The war is still fought between the Midrealm and the East. With the kings of the other seventeen kingdoms deciding on which side they want to fight.
As I stated, I attended Pennsic XX. The morning after the opening ceremonies, I was the first one awake in my household. Remembering the pageantry of the previous day, I wrote the following. It is sung to the tune of Blueridge Mountain Girl.


In the foothills of Pennsylvania, by the side of Cooper’s Lake,
Warriors gather for a battle to be fought for honor’s sake.
In the morning mist you’ll see them, like a vision in a dream.
Knight of old with armor shining, in the breeze, their banners stream.

As they meet there, in the meadow, swords will crash and pole arms bend.
When it’s over, they’ll drink together. Annual foes, eternal friends.

Many years, now, they have gathered ‘neath the Pennsylvania skies,
To relive in bonds of friendship, an age old dream that never dies.

And as they meet there, in the meadow, swords will crash and pole arms bend.
When it’s over, they’ll drink together. Annual foes, eternal friends.

In service to my King & Queen (Lucian & Conna), the Kingdom of Calontir, and the SCA. Lady Alisaundre Muir.

Pennsic XX as seen from I-79

Tents of all sizes and shapes

People of all ages

His Highness, Prince Conn of Calontir

Her Majesty, Queen Brayden of Calontir

His Majesty, King Roderick of Calontir

The Calontir Army mustering for battle

Another shot of the Calontir Army

The archery line

Campsite of Ladies Alisaundre & Isabeau and Lord Lars

All photographs taken by me at Pennsic XX 1991.

2 responses to “P-Pennsic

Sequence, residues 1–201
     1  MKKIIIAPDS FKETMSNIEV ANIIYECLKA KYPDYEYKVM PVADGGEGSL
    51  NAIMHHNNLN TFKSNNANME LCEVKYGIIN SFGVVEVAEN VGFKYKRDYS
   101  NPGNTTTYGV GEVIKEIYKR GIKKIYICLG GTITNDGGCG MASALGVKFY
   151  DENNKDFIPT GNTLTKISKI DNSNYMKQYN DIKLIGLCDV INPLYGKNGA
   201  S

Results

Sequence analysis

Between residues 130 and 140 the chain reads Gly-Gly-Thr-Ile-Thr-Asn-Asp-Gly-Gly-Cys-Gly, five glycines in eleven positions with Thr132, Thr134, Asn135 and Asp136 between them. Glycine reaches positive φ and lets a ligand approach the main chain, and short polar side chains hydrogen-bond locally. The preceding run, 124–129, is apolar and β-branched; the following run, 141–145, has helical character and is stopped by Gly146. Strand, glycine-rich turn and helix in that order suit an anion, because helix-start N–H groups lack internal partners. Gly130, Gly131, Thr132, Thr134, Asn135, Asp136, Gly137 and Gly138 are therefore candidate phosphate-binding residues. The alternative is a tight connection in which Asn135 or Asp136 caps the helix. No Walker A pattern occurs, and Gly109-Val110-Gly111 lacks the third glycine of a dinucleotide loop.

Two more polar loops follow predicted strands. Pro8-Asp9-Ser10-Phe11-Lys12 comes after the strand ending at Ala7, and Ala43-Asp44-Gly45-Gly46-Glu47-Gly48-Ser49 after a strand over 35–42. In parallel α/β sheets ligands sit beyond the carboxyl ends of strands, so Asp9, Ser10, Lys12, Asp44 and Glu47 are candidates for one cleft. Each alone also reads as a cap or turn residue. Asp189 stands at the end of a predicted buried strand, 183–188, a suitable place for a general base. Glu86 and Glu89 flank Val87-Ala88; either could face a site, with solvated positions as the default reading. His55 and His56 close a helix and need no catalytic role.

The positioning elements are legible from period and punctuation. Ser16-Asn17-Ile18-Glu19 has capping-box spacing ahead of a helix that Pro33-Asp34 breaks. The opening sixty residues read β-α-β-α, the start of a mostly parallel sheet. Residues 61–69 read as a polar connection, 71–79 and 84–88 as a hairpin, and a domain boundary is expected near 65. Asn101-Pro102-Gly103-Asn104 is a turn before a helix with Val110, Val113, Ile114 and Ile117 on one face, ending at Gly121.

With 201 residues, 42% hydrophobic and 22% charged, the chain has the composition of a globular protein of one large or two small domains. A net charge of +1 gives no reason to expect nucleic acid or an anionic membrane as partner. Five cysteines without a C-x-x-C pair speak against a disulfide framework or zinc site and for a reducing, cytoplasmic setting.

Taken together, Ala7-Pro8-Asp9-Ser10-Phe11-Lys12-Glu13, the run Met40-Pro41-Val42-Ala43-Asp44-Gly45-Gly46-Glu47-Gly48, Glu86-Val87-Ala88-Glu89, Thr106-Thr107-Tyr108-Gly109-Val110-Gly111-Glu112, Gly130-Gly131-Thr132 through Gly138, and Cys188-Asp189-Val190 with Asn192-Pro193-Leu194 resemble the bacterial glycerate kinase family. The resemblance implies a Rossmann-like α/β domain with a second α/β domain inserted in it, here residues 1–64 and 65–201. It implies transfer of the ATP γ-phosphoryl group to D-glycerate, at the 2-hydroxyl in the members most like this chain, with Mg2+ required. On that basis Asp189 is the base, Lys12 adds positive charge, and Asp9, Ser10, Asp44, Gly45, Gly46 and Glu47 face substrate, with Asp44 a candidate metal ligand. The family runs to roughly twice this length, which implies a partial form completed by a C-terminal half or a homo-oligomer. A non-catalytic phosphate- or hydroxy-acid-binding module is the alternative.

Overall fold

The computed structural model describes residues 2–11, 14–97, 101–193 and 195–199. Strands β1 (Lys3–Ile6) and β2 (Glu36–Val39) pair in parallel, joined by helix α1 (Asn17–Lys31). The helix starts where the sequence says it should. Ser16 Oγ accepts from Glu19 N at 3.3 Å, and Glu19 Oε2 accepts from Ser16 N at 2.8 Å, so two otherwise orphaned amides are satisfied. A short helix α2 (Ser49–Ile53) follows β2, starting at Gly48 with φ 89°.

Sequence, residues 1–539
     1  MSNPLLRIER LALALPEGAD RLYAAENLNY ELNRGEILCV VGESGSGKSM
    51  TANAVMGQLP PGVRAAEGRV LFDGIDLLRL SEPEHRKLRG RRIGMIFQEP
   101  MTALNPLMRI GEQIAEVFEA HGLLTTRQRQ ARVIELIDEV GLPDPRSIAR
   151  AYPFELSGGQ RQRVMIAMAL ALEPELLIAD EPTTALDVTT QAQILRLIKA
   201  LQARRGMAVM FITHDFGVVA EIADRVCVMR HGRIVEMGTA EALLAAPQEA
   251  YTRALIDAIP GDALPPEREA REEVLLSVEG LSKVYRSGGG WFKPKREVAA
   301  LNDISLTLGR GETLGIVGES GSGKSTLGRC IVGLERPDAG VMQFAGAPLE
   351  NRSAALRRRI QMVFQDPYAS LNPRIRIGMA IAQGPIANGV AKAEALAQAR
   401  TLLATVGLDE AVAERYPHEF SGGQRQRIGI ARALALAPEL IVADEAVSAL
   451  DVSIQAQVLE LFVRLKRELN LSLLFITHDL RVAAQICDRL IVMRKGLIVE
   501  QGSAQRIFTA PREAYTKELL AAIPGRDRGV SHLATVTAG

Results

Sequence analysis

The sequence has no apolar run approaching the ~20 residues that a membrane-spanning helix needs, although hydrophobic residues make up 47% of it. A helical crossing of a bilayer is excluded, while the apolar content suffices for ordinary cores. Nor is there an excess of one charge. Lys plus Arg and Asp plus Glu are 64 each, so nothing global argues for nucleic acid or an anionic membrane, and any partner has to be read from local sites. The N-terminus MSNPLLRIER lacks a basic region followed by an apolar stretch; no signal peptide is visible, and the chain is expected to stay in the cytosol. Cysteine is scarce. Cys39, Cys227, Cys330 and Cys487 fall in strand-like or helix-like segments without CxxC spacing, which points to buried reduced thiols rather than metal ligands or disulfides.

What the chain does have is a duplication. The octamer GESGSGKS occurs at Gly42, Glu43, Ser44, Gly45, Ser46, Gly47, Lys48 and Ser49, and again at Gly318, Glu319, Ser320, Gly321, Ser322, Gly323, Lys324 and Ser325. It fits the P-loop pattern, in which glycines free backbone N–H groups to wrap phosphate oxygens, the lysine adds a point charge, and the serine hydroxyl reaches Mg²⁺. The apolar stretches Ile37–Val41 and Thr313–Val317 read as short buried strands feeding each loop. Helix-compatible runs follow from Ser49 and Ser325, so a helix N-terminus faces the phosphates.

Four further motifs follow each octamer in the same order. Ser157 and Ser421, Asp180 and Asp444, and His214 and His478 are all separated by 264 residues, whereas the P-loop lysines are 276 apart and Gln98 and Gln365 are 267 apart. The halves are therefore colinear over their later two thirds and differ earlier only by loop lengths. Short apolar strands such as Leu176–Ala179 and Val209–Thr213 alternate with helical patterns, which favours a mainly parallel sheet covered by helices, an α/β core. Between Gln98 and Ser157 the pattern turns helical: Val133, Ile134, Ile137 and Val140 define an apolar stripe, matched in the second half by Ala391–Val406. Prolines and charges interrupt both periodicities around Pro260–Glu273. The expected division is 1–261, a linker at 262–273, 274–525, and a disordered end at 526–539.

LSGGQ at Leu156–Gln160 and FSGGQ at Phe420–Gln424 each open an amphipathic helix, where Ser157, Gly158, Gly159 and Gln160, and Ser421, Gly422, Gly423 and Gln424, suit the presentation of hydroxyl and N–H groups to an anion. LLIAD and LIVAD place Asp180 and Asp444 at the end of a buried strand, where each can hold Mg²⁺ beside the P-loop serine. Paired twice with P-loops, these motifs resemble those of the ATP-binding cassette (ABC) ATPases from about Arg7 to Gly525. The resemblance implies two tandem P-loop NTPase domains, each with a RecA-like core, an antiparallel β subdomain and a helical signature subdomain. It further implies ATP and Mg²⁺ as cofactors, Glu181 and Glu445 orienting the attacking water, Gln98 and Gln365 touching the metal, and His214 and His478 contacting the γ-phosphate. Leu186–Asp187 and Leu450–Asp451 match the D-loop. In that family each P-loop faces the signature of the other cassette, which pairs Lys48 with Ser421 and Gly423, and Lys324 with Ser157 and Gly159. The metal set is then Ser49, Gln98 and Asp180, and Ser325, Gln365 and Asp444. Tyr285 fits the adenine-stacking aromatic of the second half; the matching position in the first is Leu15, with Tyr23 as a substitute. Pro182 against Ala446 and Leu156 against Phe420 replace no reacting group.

1. I’m confused; why is the war re-enacted each year? It sounds like fun, but there doesn’t seem to be anything in the tale that explains that bit.

    • I guess I didn’t make that part clear. One thing – it is not ‘re-enacted’, it is ‘re-created’. Re-enacting involves have the same result as the year prior. In the SCA, no one knows who’s going to win any given fight. Whether it’s single combat, a melee, or an all-out war. There are actually four wars every year in the continental US. Estrella in Arizona in February, Gulf Wars in Mississippi in (I believe) March, Lilies in Missouri in June, and Pennsic, with Pennsic being the oldest.

      Mainly it is an excuse to get together with people from all over the world who have a common interest in the Middle Ages. Besides the fighting, there are classes in the arts and sciences.

      You could also say it’s an excuse to get together, party, and hit each other over the head with sticks. The only thing a fighter likes better than a fight is sitting around the campfire telling stories of past fights and drinking with that day’s foes.

Leave a Reply

Please log in using one of these methods to post your comment:

WordPress.com Logo

You are commenting using your WordPress.com account. Log Out /  Change )

Twitter picture

You are commenting using your Twitter account. Log Out /  Change )

Facebook photo

You are commenting using your Facebook account. Log Out /  Change )

Connecting to %s

This site uses Akismet to reduce spam. Learn how your comment data is processed.